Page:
Landfills are determined to have reached their EOL based on whether the concentration of pollutants in drinking water exceeds a threshold concentration within a safe distance. The change in concentration of the three investigated pollutants (Zn, Cr, and inorganic fluoride) could be divided into three stages (Fig. 4). Taking Zn as an example, the first stage is the penetration time (BP) of pollutants from the reservoir bottom to the drinking well, which is when pollutants leak from the impervious layer, intercept pollution from the natural base layer and aeration zone, and diffuse through the aquifer to drinking wells. This stage is about 70 a. Stage 2 is when the concentration of Zn increases rapidly to a relatively stable level during the 70–330 a period. The rapid increase stage, which is about 70–78 a, is the period during which Zn reaches the drinking well and diffuses to equilibrium. From 78–330a, although adverse events occur such as an increase in the number of holes (100 a), an increase in the geomembrane permeability coefficient (250 a), and a decrease in the permeability coefficient of the drainage layer, the concentration of Zn remains relatively stable. The reason for this is as follows: according to Eq. (3), the vulnerability density increases exponentially; therefore, the increase in the initial period (100–250 a) is slower, while that in the later period (250 a) is faster (Fig. 5a). Simultaneously, after 250 a, the geomembrane permeability increases linearly (Fig. 5b), which causes the leakage to increase rapidly around 250 a (Fig. 5b). However, there is a lag time (approximately equal to the BP) before the concentration of pollutants in drinking wells responds to the rapid increase in leakage. This time is greatly affected by the thickness of the natural base layer and the vadose zone, as well as the groundwater flow rate40,41. In the present case, this time is about 70 a. After 330 a, the concentration of Zn starts to increase rapidly again, which continues to around 1500 a, at which point steady state is reached. The rapid increase in the concentration of Zn is because of the increase in hole numbers and the permeability coefficient of the geomembrane, as well as the decrease in the permeability coefficient of the drainage layer42. At about 1500 a, the impermeable membrane has completely aged, and the permeability coefficient of the drainage layer is no longer reduced; therefore, the concentration of Zn in drinking wells gradually tends to balance.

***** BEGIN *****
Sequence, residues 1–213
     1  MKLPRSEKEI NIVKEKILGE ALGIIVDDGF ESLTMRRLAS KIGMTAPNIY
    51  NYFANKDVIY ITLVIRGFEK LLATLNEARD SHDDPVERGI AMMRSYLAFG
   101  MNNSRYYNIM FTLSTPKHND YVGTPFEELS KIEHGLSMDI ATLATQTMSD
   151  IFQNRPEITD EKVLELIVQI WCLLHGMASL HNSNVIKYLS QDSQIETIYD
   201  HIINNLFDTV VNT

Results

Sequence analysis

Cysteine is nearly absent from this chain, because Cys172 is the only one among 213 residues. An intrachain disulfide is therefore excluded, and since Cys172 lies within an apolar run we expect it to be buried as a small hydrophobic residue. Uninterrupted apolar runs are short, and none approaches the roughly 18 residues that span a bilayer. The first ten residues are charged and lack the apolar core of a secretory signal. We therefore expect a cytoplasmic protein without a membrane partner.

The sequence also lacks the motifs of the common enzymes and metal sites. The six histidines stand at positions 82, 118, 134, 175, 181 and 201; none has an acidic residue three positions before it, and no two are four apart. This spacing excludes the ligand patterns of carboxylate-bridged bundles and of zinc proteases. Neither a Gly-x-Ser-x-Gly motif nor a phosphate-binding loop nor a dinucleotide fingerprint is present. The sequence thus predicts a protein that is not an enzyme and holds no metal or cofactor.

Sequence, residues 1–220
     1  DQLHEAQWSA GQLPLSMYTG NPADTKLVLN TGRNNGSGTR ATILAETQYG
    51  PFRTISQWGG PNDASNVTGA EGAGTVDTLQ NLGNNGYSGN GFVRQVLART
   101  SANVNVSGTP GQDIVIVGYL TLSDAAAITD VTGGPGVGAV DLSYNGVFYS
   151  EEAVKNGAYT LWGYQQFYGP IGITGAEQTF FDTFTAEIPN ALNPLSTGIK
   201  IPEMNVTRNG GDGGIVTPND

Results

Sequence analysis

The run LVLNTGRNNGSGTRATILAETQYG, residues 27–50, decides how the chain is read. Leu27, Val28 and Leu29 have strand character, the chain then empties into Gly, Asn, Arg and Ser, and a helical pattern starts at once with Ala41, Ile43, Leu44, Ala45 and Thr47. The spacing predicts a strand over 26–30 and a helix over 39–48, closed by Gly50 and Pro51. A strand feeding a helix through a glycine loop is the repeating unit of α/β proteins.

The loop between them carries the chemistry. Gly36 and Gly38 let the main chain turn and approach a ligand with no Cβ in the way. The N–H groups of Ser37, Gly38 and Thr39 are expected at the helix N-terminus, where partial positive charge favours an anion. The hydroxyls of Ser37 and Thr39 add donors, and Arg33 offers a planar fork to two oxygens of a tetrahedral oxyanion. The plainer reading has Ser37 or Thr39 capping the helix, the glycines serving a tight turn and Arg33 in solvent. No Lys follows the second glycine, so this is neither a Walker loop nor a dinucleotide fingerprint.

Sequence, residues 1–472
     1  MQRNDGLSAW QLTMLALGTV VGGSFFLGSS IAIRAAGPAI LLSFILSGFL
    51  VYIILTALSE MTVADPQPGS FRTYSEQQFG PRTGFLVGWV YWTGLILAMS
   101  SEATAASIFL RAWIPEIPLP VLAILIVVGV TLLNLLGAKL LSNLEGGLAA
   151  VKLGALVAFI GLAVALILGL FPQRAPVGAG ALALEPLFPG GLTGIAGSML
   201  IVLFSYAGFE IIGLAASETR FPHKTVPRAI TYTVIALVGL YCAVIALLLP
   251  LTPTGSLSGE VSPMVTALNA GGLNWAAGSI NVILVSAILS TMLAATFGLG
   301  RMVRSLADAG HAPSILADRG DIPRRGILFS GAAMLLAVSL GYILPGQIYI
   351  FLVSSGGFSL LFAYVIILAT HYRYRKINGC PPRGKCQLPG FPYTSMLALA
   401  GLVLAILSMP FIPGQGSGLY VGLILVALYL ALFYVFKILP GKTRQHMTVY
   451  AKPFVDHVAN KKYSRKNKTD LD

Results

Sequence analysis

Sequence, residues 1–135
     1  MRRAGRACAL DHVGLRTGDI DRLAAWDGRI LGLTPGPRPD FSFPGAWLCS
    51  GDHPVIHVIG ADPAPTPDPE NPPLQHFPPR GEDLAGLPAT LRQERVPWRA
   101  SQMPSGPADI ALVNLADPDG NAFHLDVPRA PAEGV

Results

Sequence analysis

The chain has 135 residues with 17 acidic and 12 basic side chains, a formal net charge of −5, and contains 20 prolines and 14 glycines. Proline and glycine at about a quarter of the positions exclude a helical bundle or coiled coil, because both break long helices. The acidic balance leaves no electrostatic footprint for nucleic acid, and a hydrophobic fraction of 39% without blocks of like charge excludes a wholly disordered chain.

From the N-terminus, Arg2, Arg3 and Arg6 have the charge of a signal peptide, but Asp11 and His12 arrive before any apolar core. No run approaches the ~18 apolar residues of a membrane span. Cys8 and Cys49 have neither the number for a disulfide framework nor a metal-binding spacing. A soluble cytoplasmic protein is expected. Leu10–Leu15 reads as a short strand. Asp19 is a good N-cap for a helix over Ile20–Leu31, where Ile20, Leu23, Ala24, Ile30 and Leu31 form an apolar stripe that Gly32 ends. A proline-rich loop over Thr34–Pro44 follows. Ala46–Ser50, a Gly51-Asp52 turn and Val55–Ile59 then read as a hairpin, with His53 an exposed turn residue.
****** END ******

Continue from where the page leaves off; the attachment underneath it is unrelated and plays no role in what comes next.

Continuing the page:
Figure 4